Good layout of an answer, including subheadings, correct formatting for code samples, bolding important points and appropriate separation of text into paragraphs have an advantage. In the case of two answers that essentially say the same thing, though written independently of each other, the one with better formatting and a heading (or multiple headings) often does better.

  • Whether the answer is self-contained

    Answers which direct the reader to a different website don't tend to do as well. This is not just because the site policy which discourages answers which are only links, but also because they direct the reader away from this website, and therefore less likely to come back to the page that has the answer on it in order to upvote.

3

Echoing the above, but I'd like to propose another potential indicator: both of the lower-voted answers you've referenced are ones where you answered your own question, with little to no input contributed by other users.

Not that self-confirmed answers are inherently less useful, but when you compare that to a lack of varied answers (or comments) from other users, and an average or low view count, the signs add up to indicate a question (and thus answer) that is of relatively less interest to the community at large. (As others have already pointed out.)

For myself personally, I know that that the majority of questions I encounter (and wind up upvoting) on SE communities are ones I find via Google when I'm trying to find a solution to a similar (or the same) problem. I also tend to pay more attention to the answers on questions I've answered myself, to see how they compare and what the discourse looks like (so the wider the spread of answers, the more likely I am to scan/upvote).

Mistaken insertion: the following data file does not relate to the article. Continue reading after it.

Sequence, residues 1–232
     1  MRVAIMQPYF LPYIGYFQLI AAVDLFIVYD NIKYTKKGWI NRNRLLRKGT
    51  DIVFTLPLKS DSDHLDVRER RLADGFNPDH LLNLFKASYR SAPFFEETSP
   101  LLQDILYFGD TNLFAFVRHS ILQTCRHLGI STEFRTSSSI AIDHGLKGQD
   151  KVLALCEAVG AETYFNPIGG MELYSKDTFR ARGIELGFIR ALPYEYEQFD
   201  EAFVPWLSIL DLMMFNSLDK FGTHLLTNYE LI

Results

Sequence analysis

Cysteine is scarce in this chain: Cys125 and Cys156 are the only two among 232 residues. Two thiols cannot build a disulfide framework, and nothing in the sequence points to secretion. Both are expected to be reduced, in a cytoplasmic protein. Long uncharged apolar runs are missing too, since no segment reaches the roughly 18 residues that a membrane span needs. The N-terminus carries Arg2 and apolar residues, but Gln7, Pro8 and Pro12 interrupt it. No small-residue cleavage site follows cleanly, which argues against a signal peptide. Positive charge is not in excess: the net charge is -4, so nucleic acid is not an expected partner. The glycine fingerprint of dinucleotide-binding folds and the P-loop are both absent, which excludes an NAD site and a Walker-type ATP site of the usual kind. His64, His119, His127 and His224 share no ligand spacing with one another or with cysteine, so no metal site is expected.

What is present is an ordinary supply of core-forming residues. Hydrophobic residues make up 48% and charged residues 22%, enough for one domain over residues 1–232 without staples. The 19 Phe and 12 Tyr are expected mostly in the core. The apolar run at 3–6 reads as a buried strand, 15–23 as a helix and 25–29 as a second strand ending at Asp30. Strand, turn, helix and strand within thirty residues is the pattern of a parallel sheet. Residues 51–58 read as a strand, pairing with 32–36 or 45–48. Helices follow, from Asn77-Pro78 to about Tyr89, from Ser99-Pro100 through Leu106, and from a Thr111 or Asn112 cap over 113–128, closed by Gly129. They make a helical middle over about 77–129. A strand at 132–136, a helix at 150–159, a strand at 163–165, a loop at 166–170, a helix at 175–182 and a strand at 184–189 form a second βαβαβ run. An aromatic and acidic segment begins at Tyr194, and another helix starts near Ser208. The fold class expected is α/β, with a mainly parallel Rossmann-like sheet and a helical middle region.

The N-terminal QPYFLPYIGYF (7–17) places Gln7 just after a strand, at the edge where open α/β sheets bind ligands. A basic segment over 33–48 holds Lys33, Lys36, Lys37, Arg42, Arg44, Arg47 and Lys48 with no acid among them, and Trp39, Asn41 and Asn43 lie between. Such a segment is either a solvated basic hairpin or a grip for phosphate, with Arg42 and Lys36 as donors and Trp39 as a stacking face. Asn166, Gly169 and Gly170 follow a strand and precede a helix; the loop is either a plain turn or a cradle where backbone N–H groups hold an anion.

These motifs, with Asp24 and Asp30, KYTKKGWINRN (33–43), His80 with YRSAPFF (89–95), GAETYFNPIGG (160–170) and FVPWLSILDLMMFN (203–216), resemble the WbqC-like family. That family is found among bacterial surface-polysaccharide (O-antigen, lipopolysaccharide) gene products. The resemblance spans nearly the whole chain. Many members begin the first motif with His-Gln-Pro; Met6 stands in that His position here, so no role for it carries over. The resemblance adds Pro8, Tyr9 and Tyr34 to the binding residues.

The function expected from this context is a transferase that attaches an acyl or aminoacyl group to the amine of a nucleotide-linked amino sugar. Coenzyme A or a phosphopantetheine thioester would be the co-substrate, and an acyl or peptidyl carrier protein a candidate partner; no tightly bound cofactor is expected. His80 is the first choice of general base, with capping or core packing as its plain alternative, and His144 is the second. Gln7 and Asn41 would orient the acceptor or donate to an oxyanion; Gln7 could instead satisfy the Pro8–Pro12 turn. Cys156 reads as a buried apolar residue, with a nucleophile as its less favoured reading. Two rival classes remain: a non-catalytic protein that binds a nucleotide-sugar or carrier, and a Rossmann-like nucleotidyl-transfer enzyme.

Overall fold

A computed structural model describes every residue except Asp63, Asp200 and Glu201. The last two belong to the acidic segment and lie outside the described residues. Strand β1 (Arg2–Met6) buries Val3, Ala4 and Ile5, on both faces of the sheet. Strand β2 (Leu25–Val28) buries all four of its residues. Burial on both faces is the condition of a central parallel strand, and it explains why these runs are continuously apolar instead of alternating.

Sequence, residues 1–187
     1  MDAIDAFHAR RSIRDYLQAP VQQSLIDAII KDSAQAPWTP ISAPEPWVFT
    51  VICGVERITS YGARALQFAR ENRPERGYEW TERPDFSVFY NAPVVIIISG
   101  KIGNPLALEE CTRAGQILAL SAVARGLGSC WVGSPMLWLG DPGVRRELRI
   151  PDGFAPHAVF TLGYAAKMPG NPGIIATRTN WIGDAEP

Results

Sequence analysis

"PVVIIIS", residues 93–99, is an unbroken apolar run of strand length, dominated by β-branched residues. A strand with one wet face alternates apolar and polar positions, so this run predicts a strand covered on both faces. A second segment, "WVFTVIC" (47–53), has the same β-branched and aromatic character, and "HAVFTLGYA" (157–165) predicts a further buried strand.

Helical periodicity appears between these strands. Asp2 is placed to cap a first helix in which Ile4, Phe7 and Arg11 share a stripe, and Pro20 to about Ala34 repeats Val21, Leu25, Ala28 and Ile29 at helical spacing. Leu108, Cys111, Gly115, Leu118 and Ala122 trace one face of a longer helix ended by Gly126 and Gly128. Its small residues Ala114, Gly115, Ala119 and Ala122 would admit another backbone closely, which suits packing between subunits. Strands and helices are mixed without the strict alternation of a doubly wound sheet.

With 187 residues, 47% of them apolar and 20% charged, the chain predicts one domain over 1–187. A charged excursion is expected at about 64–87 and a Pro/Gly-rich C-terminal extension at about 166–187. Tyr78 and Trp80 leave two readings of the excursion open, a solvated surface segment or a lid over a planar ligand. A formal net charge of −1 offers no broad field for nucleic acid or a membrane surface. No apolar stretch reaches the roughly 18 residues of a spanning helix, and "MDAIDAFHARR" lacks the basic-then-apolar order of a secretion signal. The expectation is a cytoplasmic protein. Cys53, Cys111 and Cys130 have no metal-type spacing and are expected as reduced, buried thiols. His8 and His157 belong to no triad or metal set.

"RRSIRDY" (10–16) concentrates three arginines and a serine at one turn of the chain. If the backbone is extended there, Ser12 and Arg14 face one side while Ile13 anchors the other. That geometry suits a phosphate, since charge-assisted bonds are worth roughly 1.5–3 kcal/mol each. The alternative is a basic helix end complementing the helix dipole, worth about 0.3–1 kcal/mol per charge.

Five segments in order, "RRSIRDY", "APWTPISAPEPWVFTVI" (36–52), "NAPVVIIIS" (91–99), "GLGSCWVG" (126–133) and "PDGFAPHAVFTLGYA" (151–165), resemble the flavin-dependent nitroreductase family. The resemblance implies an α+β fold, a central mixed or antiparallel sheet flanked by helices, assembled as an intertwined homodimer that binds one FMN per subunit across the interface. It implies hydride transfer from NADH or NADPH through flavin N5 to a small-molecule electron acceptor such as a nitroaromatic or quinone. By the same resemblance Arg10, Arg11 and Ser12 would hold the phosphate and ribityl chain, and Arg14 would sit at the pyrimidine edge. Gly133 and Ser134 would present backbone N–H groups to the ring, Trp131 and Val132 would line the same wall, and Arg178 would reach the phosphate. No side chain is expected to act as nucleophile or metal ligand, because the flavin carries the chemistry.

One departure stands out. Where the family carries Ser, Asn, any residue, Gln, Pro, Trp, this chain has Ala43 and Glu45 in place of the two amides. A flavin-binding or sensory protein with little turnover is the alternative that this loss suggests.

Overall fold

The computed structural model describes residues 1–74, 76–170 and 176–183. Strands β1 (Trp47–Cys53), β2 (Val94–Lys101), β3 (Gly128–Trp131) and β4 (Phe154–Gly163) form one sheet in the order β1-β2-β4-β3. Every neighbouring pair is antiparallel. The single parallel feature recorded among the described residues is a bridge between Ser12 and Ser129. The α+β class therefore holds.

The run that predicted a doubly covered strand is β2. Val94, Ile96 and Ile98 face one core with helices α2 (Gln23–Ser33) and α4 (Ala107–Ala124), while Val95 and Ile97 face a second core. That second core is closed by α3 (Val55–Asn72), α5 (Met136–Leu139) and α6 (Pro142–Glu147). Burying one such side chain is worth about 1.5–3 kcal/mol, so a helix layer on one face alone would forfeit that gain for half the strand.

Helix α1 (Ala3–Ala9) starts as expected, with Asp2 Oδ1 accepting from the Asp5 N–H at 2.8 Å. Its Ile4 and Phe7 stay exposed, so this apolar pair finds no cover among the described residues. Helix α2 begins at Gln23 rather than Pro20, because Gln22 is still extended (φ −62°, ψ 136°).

If you suspect that the issue in question is more commonly experienced than the votes indicate, it could be that you're just phrasing it in a way that makes it hard to find. You could try writing the question with SEO-minded wording to see if that garners it more attention on Google or in the community search results.

Search engines will typically pay the most attention to an SE community question than an answer (since the question composes the meta title, main heading, and slug of the page), so the more likely the question is to appear in search results, the more likely people are to read/vote your answer as well.

1

I'm guilty of up-voting your Real Time Clock answer a week ago. I thought the picture of the RTC was hilarious. I could up-vote your USB problem because I suffered something similar using dd to create bootable USB from .ISO file last month.

I think popular up-votes are from common questions everyone has. When I first started working with PC's the current date and time was the first thing you were prompted for and replacing clock watch batteries on the motherboard was common practice.

I didn't up-vote your USB answer (I just read) because I can't remember if I had the exact same problem you had... it was very similar but not a guarantee. Experimenting with the USB again and recreating the problem is not worth the effort of authenticating an up-vote to you from me.

FTR, I think even the most humble appreciate up-votes. However, I want to avoid writing answers tailored to garner votes. I simply want to write honestly, from the heart and using my writing style that is not sexed up in any way. If you can't be yourself on the internet then all those freedoms lost in the real world (due to Big Brother, SJW's, PC or whatever) are now lost digitally too.

HTH.